Even after the Ray Rice video, churches are in denial about sexual violence.
Unfortunately, sexual violence on college campuses is a widespread reality. As many as 20-25 percent of women will face attempted or completed assault over the course of their college tenure. Contrary to popular myths about “stranger-danger,” 9-in-10 of those victims will know their attacker.
For Christian college administrators, who take seriously the formation not just of mind but of spirit, the reality of campus-based sexual violence is challenging for many to admit. Yet it has serious implications for how students learn, understand, and develop self-respect and love for their neighbor.
In speaking with students, former students, and staff at Christian schools across the country, what’s revealed is that education about the realities and effects of sexual violence among college students remains anemic at best. There’s much to suggest that students are finding their way, but many — particularly at more sexually orthodox campuses — face frightening barriers to knowledge. When it comes to educating mind and spirit on sexual violence, Christian institutes of higher education still have far to go.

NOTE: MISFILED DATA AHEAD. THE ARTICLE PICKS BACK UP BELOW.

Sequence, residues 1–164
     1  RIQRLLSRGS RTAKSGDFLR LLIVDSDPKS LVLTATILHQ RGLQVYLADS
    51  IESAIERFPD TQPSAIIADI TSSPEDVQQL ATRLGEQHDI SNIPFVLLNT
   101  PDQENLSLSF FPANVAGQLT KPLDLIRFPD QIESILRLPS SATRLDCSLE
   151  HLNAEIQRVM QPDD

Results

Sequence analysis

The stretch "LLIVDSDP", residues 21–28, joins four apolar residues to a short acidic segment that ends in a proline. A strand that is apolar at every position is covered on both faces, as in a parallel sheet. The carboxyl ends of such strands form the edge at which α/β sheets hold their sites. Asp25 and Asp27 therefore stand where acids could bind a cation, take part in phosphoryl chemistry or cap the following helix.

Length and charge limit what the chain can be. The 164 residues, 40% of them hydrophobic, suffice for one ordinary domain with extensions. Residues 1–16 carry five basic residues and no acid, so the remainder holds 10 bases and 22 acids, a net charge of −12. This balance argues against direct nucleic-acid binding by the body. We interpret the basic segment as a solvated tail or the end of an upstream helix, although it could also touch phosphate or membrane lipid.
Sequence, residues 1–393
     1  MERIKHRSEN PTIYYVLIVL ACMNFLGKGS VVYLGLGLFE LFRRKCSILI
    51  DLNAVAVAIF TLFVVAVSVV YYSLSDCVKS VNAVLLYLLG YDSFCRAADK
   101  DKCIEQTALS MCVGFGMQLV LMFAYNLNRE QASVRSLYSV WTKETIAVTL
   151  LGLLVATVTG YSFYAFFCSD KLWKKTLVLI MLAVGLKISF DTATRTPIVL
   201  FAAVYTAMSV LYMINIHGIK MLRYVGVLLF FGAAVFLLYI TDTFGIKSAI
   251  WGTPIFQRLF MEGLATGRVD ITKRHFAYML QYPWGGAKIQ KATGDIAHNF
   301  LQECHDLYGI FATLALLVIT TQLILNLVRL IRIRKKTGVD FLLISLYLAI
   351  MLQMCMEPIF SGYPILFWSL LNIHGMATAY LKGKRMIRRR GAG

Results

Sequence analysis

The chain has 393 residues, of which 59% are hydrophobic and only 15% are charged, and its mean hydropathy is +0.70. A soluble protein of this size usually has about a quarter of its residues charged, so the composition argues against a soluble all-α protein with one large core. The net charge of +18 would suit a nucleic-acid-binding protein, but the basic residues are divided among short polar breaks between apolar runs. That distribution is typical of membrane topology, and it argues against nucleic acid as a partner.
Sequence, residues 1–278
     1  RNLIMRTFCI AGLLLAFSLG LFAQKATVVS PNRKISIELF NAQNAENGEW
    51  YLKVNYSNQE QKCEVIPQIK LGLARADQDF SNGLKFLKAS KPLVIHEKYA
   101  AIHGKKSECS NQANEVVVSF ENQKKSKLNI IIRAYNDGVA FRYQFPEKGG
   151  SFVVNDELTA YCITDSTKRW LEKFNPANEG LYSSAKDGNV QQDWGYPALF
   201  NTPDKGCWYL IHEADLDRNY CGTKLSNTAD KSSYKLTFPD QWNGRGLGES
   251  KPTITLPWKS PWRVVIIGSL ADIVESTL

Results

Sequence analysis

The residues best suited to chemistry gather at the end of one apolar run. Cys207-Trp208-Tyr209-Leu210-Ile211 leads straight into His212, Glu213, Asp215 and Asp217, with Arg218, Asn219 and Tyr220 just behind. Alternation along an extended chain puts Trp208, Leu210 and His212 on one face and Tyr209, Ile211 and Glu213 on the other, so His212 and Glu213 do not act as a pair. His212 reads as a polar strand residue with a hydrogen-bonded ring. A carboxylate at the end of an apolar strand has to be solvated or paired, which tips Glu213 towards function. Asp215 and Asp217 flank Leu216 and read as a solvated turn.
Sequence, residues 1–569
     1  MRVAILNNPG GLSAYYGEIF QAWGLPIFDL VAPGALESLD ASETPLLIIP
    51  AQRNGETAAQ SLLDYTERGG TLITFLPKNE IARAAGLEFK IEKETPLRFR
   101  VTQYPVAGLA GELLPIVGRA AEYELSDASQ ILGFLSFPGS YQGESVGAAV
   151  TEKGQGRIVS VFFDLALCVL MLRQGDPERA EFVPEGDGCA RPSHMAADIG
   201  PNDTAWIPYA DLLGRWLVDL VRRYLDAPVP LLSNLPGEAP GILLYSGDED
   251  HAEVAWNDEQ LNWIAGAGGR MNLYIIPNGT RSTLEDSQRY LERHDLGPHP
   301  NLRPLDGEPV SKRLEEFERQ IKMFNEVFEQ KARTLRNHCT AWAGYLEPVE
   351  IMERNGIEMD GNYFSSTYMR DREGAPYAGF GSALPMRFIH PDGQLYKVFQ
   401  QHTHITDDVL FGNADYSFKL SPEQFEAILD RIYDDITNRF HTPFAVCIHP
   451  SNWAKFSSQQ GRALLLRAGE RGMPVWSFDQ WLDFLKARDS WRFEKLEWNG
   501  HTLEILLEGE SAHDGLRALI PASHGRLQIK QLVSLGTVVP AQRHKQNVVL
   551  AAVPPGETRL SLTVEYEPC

A conference at Cedarville University shows new political boundary-crossing in the Christian college world.
When I applied for a job at CNN in the 90s, and told the interviewer that I had interned with an evangelical magazine called Christianity Today, his response was, "If it's Christian, it isn't journalism."
Over the years that expanded to, "If it's evangelical, it's Republican. Or Jerry Falwell. Pat Robertson. The Tea Party. Wrapped in a Patriotic Flag. White People. Derivative, cheesy music. Big Money. Big Hair." Fill in the rest of the blanks.
Are those labels a distortion of what it means to be an evangelical? Of course they are. Yet they are how evangelicals are perceived, rightly or wrongly (I personally think it's a mixture of both), in our society.
Imagine for a minute the fallout were a Muslim high school in America to choose for its mascot "the Jihadists."
In that light, how do you think Muslims (or Jews) view Christian schools whose mascot is "the Crusaders?"